• Suggestion:  Name the datastores by the applied policy or by protection tier
  • You can configure cross replication the same for each site that is hosting production and replicating to a peer for cross DR purposes.
  • IMPORTANT NOTE:  When you name the “Destination Folder”, it is important to understand this is ONLY created when a failover is performed.  It will be where the recovered virtual machines are placed.  If you “Re-Protect” and fail back this folder will be created again.  Essentially this name is used over and over as you fail back and forth and the datastore assigned to it.  Each time you re-protected and fail back you will need to clean up the old version of this folder.  This is by design and allows you to still have access to the previous copies.

Tintri SRA and Protection Groups

Once you have completed the simple steps above, you can move over to the Site Recovery Manager side to add the new array pairs and setup the Protection Groups.  First proceed to Array Based Replication and add an array manager.  Select  add array manager and proceed through the wizard using the “Add Pair of Array Manager” option.  You should see the Tintri SRA.  If you do not simply re-scan each SRM server for new SRA installations first.  The Tintri SRA will ask for the admin credentials for both site’s Tintri arrays.

HINT:  Whenever Tintri is asking for login credentials you want to use the management IP address to hostname not the storage ports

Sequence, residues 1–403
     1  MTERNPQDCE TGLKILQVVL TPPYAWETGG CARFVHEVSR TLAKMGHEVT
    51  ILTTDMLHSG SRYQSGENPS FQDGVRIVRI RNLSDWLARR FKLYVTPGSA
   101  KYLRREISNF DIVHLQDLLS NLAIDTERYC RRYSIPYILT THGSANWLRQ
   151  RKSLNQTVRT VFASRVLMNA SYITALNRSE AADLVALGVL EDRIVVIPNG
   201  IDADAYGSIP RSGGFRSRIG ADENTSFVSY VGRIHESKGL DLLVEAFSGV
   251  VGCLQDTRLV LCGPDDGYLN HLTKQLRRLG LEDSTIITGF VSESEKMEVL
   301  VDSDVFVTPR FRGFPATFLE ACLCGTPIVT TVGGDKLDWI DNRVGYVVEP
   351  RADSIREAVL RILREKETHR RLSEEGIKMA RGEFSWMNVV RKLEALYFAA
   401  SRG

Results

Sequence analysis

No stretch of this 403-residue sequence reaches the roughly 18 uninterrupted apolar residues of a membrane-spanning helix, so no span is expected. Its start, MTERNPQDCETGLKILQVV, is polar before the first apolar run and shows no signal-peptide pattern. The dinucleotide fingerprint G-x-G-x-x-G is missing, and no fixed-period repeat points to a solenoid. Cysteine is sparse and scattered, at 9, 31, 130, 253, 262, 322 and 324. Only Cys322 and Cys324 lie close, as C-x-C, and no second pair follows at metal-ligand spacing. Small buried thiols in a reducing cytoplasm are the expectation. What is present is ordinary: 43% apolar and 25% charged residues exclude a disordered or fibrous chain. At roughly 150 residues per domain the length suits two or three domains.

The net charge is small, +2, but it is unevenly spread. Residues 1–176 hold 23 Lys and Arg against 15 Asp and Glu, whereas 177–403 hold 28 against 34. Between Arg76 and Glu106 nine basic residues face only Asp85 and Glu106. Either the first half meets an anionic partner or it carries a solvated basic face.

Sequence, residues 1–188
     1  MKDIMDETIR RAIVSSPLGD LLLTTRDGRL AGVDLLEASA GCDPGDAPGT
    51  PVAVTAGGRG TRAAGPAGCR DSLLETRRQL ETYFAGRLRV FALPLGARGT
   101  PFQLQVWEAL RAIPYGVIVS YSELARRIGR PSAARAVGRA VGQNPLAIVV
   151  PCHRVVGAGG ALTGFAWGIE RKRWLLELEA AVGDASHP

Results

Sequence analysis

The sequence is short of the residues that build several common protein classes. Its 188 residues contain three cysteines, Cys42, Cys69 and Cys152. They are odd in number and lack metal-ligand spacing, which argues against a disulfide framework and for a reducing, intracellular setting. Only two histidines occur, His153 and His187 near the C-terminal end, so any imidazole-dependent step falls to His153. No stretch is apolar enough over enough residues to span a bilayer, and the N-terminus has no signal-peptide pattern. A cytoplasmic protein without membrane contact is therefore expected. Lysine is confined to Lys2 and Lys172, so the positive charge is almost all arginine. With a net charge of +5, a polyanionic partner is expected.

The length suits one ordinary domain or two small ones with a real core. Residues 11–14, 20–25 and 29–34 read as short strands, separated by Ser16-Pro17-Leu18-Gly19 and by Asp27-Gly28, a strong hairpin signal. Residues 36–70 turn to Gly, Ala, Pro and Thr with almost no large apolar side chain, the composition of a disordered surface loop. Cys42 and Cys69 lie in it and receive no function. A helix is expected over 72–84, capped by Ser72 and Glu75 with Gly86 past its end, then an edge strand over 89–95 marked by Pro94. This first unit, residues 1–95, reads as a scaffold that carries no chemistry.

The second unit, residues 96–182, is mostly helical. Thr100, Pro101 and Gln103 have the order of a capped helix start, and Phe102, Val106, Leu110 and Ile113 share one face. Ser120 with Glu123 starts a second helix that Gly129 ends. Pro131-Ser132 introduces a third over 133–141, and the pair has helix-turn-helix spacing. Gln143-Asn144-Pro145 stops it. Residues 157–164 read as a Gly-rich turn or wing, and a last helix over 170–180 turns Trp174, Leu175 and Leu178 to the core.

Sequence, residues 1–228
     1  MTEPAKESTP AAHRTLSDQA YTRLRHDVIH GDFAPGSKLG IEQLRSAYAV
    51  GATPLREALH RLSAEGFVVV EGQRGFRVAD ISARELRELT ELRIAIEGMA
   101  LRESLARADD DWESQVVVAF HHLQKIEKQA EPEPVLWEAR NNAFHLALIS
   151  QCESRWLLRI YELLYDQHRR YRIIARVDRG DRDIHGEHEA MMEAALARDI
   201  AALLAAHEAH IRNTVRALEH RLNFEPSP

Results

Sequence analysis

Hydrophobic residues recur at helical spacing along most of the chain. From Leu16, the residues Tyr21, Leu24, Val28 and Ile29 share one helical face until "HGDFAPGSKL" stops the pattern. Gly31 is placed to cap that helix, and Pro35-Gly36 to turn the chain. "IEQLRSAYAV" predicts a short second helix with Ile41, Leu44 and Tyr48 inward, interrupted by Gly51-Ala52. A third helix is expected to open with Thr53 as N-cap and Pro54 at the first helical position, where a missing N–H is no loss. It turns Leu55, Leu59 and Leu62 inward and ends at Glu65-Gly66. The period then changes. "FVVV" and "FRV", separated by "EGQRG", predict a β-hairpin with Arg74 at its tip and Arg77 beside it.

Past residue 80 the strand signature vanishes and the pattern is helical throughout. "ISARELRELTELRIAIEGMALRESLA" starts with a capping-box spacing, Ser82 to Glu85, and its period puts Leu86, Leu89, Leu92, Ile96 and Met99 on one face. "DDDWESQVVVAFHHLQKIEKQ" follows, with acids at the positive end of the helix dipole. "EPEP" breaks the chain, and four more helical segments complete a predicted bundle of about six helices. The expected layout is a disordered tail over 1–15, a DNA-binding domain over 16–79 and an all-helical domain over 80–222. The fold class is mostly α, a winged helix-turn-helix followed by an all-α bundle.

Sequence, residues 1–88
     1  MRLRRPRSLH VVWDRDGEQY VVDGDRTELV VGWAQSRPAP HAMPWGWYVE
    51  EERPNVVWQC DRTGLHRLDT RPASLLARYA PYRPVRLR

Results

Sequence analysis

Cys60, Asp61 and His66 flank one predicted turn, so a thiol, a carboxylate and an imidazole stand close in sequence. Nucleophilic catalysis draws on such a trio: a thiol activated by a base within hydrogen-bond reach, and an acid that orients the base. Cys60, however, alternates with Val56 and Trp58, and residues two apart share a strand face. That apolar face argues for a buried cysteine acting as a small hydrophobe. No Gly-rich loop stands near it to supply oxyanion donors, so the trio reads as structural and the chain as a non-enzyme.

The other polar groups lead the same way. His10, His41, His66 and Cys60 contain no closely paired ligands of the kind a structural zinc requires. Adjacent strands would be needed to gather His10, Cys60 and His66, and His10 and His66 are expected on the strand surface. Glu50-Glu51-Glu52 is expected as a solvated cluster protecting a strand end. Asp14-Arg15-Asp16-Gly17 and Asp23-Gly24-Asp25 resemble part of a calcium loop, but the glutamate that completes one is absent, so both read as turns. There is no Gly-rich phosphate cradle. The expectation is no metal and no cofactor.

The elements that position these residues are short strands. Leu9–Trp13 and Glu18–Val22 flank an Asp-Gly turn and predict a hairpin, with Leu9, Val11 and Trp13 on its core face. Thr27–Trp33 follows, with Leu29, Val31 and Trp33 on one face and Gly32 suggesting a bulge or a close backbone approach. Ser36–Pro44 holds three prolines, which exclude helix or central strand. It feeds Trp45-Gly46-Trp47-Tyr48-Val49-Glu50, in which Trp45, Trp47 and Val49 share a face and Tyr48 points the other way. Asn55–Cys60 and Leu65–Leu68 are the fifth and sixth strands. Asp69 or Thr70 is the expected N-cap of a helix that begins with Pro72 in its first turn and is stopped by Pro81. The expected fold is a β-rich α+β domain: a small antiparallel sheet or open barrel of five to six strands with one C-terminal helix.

Finally you can enable the array pairs in the last screen.  Once these are added the system will auto discover any replication service groups and you can easily create the SRM protection group.  Just go to Protection groups and create a new one.  In the case below I can create two because I have cross replication groups setup, so I would need to do this twice.  Once for Nashville–> Seattle and vice-versa.

Lastly you will see the datastore group and any of the current virtual machines already residing there.

You can rinse and repeat this for other Tintri arrays you need to configure a protection group.  Once the groups are created the system will begin to create the placeholder virtual machines.  Finally you can start to create an SRM recovery plan as you normally would.

Tintri and SRM Summary

I hope you can see that adding Tintri into your Site Recovery Manager installation is extremely easy to do and you can get pretty flexible with the replication options.  With just under 10 steps to complete you can be up and running with Tintri and SRM in your production or lab setup.  I would encourage you to check out the link at the beginning for the full instructions.  I may try to put together a video as well just to show the test, failover, re-protect, fail back process and how the datastores and folders are handled automatically.  I actually helped a customer set this up yesterday on a WebEx in less than 30 minutes.





About Chris Colotti

Chris is active on the VMUG and event speaking circuit and is available for many events if you want to reach out and ask. Previously to this he spent close to a decade working for VMware as a Principal Architect. Previous to his nine plus years at VMware, Chris was a System Administrator that evolved his career into a data center architect. Chris spends a lot of time mentoring co-workers and friends on the benefits of personal growth and professional development. Chris is also amongst the first VMware Certified Design Experts (VCDX#37), and author of multiple white papers. In his spare time he helps his wife Julie run her promotional products as the accountant, book keeper, and IT Support. Chris also believes in both a healthy body and healthy mind, and has become heavily involved with fitness as a Diamond Team Beachbody Coach using P90X and other Beachbody Programs. Although Technology is his day job, Chris is passionate about fitness after losing 60 pounds himself in the last few years.